Manitoba

Child protection wait times will be cut from months to weeks: judge

Changes are coming within Manitoba’s court system that would shorten the length of time child protection matters take to get to court. A new scheduling model aims to hear cases within weeks rather than months.
Manitoba's Chief Justice Glenn Joyal says with a new scheduling model, two judges would be dedicated to hearing child protection hearings each week, to cut the amount of time it takes for cases to get to court. (CBC)

Changes are coming within Manitoba's court system that would shorten the length of time child protection matters take to get to court. A new scheduling model aims to hear cases within weeks rather than months.  

The changes were delivered in a speech by Chief Justice Glenn Joyal on Friday at a child protection conference.

Joyal wrote that "the current delays are intolerable and unacceptable," and outlined a new scheduling model. 

"In other words, delays of up to eight months before the Master, will be no more. Delays of up to 12-14 months in the Court of Queen's Bench for trial dates, will be no more. It should be understood that upon implementation of the new model, the expectation will be that matters will be completed in the Masters' Court within six weeks. If referral of a matter to the Court of Queen's Bench is necessary, upon referral, the Court will provide trial dates within three to six months."

The new model would see two judges from the general division assigned to the family division each week. The sole responsibility of these two judges would be for child protection hearings.
Lawyer Michael Lazar said most child protection cases are taken on by Legal Aid and its funding is insufficient.

Criminal law and child protection lawyer Michael Lazar describes the child protection system as "ridiculously backed-up" and he welcomes the new model. However, Lazar warns you can't fix an entire system by only making changes in one area.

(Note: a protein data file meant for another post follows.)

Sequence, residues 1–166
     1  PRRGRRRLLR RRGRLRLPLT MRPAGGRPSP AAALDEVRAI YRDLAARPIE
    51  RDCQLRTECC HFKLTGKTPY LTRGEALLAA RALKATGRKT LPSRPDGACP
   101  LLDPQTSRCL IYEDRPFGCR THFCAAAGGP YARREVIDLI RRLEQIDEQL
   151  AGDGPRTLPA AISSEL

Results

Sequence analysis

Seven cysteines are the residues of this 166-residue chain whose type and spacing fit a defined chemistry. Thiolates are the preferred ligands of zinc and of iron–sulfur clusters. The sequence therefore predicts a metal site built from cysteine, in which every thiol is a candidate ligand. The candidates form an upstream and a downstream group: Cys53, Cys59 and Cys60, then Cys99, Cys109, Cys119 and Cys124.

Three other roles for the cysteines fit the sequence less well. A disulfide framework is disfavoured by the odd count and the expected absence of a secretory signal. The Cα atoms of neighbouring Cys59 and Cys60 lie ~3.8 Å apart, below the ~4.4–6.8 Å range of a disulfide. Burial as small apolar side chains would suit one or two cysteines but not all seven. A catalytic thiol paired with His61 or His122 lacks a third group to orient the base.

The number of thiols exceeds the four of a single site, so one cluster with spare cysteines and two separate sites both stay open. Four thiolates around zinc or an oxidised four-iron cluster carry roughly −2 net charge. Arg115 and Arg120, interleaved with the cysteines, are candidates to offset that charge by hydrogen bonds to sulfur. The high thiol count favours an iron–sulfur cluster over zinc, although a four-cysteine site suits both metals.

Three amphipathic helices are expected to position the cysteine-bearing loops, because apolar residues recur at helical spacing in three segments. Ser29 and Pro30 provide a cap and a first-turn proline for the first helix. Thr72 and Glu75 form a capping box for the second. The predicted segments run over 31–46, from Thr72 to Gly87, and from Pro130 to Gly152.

"We often get either parental-capacity assessments or home assessments or in the case where there's a guardianship intervenor than a guardianship assessment. These all take time. And, unfortunately, there are very few psychologists and social workers who are providing these services right now," Lazar said

Lazar said most child protection cases are taken on by Legal Aid and its funding is insufficient.

"As a result, you have a relatively small private bar [of lawyers] who's involved in doing these cases. And of course, we can only be in one courtroom at a time. And that limits our availability, which in turn impacts the scheduling of these cases," Lazar said.

The Assembly of Manitoba Chiefs First Nations family advocate echoes Lazar's sentiments about legal aid. Cora Morgan said the system is grossly unbalanced when Legal Aid lawyers with caseloads of up to 400 clients are going against agencies with unlimited resources.

She also said parents are intimidated by the court system and need more resources in court.

'The longer they wait, the more torturous'

"Parents should have more an ability to speak in court to be able to convey that direct impact of not having their children. Because parents might do all the things they need to do to get their children back, but the longer they wait, the more torturous it is to be without their children," Morgan said.

Morgan also said there needs to more funding to support parents going through the process.
Cora Morgan, Manitoba First Nations family advocate, said there's no one fix to wait times. (CBC)

"And that we have social programs that are going to work with the parents to ensure that they know what their rights are, they know what they need to do and they're supported in order to that. Because at the end of the day it's an intimidating process."  

In his speech, Joyal acknowledges the frustration caused by delays in the system. He wrote that his words "should not be seen as a finger-wagging rebuke of anyone" but a call to action.

And he added the changes would be coming soon.

"It must commence as soon as possible, but not a minute before it and everyone is ready and able, such so as to ensure it has every chance of success," wrote Joyal.